The Universal Web Form Processor12/29/2000
One recent evening the Phanatic and a few friends were splitting an extra large pizza and a few six packs of Jolt. The Phanatic was pontificating as usual about good program design and problem generalization. One of the PHP apostles, probably egged on by a Jolt buzz, challenged the Phanatic to "practice what you preach" and design a program that solved a class of problems rather a single task. Another of the assembled brethren suggested the Phanatic use the NuSphere suite he had been extolling recently. The gauntlet was thrown down.
The Phanatic like any good programmer can't refuse a good challenge. The only thing more motivating than a challenge was the statement, "it's impossible." After a little discussion, the huddled mass yearning to program proclaimed the task would be a form-process script that "does everything."
Before getting into the generic form script, let's take a look at the Phanatic's new favorite product.
The product making the Phanatic so excited is NuSphere MySQL. It's an integrated multi-platform distribution of Apache, Perl, PHP, and MySQL. Each element of the distribution package is the pick of the litter in their respective open source application category.
NuSphere distributions are available for Linux, Unix, and Windows platforms. If you have a lot of patience and a high-speed connection, the package can be downloaded for free. The CD ROM boxed edition is $79 and includes a hard copy of the massive MySQL Reference and the O'Reilly pocket guides for Apache, Perl 5, and PHP 4.
The Windows downloadable version of NuSphere's MySQL weighs in at about 24 megs without source code and 50 megs with source code for all products. Unzipping the package generates over 4,500 files and consumes 65 megs of disk space! Although this sounds like a lot of bits and bytes, (especially to a guy who's first hard drive was 32 megs), let's put it into perspective. The NuSphere distribution includes the four major web-related offerings in the open source world. Collectively they consume less disk space than that big software company's word processor.
For good measure, the installation includes the complete online documentation for all four products and, additionally, a graphical administration tool for managing MySQL. Here's the best part: within two minutes of unpacking the zipped download, you can be testing the MySQL, Perl, and PHP on an Apache server running on your PC. If you have ever struggled with the installation and configuration of just one of these products, you will think the NuSphere installation is magic.
The first step in the NuSphere suite is unzipping the downloaded zip file. I would suggest you create a directory
C:\NuSphere and extract the files into that directory. The extraction process will create two directories under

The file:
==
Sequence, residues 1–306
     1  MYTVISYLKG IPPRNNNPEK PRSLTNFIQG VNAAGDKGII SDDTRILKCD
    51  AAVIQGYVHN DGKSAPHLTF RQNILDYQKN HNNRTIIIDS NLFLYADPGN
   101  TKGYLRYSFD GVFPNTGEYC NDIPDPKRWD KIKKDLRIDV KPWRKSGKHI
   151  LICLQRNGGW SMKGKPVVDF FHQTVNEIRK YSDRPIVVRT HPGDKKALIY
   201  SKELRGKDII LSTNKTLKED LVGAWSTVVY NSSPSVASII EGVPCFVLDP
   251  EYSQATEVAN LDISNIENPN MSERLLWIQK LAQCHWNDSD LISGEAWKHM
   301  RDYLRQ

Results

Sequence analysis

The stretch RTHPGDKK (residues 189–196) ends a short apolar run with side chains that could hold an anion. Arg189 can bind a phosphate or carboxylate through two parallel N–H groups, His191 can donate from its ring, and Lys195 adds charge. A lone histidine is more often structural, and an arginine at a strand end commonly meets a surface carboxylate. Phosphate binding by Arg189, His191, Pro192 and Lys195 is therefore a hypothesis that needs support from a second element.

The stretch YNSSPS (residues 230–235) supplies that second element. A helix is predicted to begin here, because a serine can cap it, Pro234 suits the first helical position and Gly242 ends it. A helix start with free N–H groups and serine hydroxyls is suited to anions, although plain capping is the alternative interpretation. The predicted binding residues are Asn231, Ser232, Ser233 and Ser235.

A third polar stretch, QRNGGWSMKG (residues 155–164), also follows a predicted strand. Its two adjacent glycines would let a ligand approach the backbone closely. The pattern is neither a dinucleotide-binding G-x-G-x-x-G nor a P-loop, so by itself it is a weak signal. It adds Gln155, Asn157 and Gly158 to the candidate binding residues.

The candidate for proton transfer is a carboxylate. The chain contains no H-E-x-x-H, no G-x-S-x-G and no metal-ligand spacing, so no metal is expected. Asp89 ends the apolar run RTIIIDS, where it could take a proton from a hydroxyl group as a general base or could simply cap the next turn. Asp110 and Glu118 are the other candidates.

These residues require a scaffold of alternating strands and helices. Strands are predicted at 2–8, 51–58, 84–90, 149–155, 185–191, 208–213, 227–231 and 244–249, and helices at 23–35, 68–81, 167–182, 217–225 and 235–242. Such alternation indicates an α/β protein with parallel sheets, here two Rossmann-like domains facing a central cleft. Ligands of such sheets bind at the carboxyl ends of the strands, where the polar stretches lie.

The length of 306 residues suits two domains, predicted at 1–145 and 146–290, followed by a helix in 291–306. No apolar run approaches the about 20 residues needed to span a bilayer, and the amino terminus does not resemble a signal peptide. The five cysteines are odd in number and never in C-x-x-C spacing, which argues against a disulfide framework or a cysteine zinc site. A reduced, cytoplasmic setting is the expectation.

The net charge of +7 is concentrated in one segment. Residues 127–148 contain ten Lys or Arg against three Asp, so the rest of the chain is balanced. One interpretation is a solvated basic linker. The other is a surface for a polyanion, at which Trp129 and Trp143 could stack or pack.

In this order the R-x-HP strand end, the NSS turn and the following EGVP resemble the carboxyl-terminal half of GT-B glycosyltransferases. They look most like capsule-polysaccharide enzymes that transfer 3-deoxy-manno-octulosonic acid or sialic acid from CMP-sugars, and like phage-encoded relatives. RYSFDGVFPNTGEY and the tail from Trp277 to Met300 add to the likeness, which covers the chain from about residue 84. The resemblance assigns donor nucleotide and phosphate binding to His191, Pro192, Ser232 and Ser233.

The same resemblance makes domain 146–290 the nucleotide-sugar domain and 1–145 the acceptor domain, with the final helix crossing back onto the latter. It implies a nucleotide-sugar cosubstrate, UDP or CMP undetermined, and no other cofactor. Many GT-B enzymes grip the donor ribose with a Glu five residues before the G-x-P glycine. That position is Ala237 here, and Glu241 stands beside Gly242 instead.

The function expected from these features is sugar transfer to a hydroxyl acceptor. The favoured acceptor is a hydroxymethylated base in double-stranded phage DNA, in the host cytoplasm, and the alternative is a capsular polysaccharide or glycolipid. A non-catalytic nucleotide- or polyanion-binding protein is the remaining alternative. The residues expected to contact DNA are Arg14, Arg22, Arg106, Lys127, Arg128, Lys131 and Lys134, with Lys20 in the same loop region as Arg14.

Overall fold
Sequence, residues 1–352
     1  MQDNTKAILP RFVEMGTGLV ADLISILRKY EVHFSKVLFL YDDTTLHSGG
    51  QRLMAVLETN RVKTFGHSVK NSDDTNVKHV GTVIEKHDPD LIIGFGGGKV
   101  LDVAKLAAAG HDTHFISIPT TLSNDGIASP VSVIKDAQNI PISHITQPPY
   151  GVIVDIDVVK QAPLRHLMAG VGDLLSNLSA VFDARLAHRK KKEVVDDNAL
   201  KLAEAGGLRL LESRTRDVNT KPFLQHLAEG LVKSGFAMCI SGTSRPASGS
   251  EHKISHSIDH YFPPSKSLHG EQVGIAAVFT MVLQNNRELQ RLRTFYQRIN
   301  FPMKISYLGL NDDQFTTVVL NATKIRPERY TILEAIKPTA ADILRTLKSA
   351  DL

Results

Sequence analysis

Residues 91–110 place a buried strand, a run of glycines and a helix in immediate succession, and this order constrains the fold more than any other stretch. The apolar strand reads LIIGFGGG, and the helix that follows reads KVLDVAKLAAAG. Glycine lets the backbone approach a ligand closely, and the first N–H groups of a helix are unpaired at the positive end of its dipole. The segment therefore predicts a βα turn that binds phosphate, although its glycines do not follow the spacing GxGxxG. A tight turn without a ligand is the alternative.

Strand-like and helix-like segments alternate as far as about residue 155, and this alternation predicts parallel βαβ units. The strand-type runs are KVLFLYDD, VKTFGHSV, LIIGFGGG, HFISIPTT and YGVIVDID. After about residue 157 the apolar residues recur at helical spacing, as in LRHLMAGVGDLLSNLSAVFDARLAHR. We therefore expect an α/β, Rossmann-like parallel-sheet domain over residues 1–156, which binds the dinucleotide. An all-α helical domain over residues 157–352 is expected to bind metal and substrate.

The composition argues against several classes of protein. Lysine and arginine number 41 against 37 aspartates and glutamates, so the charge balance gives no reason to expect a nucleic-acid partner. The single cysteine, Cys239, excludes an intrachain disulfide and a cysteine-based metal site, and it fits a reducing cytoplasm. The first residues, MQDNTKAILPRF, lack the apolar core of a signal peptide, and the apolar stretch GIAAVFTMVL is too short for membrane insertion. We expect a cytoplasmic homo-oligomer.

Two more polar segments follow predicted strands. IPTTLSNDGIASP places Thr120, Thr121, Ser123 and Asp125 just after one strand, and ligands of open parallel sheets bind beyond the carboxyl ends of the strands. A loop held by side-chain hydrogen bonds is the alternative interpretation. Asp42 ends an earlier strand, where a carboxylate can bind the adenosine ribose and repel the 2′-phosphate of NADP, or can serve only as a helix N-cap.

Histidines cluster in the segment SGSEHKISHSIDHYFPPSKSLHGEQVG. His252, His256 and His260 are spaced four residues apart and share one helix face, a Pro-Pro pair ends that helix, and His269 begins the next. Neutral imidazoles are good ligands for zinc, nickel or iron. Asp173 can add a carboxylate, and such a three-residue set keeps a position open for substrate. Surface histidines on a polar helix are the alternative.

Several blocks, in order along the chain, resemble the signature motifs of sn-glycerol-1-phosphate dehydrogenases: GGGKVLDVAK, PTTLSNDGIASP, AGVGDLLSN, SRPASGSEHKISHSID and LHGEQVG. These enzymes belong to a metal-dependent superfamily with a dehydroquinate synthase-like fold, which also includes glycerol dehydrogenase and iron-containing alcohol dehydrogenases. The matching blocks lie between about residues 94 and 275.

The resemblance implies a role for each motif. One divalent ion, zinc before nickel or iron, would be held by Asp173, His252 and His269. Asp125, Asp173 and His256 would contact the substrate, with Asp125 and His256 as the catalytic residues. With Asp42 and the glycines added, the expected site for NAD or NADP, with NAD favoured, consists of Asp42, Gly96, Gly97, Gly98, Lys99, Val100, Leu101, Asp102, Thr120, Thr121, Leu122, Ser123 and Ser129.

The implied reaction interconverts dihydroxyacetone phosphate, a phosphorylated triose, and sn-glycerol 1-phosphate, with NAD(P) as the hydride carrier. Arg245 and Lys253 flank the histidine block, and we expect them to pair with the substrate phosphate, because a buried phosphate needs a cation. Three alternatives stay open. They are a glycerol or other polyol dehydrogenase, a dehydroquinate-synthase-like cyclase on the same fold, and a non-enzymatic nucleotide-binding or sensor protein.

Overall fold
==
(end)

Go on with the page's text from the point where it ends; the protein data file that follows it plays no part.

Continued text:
n.nn.n (something like
1.13.2) is the MySQL version information. Next, run the file
setup.exe from the directory:
A browser window will open with the salutation, "Welcome to the NuSphere MySQL installation CD." Click on the Install button. The next window offers the option for a Quick or Custom installation.
Unless you are highly experienced, take the Quick installation option. The default path for the Quick install is
C:\nusphere. Click on the Quick install button accepting the default path. MySQL, Apache, Sample Website, PHP, phpMyAdmin, and Perl are installed in turn. Next, follow the "Click here to continue" link. The next screen has a link to register and a link to do a quick start. After registering, click on "Quick Start."
A new window will open with the default home page. Check out the various links to test your installation. The startup page also has links to full documentation for MySQL, Perl, PHP, Apache, and the phpMyAdmin applications which reside on your PC. This is truly an impressive package.
What you do next is a function of your background and experience with Apache and the other included packages. Let's discuss paths for a moment. At the server level it's important to recognize the difference between action and virtual paths. When you point your browser to a URL like,
http://www.xyz.com/index.html, there is a lot going on under the surface. Where does
index.html actually live? The server configuration file contains an entry associating an actual starting path for the domain xyz.com portion of the URL. It might be something as simple as
although the path is frequently more complicated.
To answer our own question,
index.html lives at
home/xyz/htdocs/index.html. The virtual web root is therefore
/home/xyz/htdocs. If we were to create a directory named
htdocs and also create a file named